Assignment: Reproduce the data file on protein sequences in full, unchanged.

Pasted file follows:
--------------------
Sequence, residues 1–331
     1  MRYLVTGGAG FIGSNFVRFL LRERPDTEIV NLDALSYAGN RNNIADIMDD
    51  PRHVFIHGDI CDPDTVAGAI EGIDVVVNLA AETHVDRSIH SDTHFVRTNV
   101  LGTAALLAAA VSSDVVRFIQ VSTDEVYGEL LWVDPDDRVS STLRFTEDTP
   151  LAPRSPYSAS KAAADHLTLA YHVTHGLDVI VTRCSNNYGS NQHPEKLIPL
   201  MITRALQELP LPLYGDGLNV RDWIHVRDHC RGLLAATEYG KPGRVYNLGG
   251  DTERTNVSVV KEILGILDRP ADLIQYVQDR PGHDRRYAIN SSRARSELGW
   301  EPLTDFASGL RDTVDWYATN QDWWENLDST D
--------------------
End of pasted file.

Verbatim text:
Sequence, residues 1–331
     1  MRYLVTGGAG FIGSNFVRFL LRERPDTEIV NLDALSYAGN RNNIADIMDD
    51  PRHVFIHGDI CDPDTVAGAI EGIDVVVNLA AETHVDRSIH SDTHFVRTNV
   101  LGTAALLAAA VSSDVVRFIQ VSTDEVYGEL LWVDPDDRVS STLRFTEDTP
   151  LAPRSPYSAS KAAADHLTLA YHVTHGLDVI VTRCSNNYGS NQHPEKLIPL
   201  MITRALQELP LPLYGDGLNV RDWIHVRDHC RGLLAATEYG KPGRVYNLGG
   251  DTERTNVSVV KEILGILDRP ADLIQYVQDR PGHDRRYAIN SSRARSELGW
   301  EPLTDFASGL RDTVDWYATN QDWWENLDST D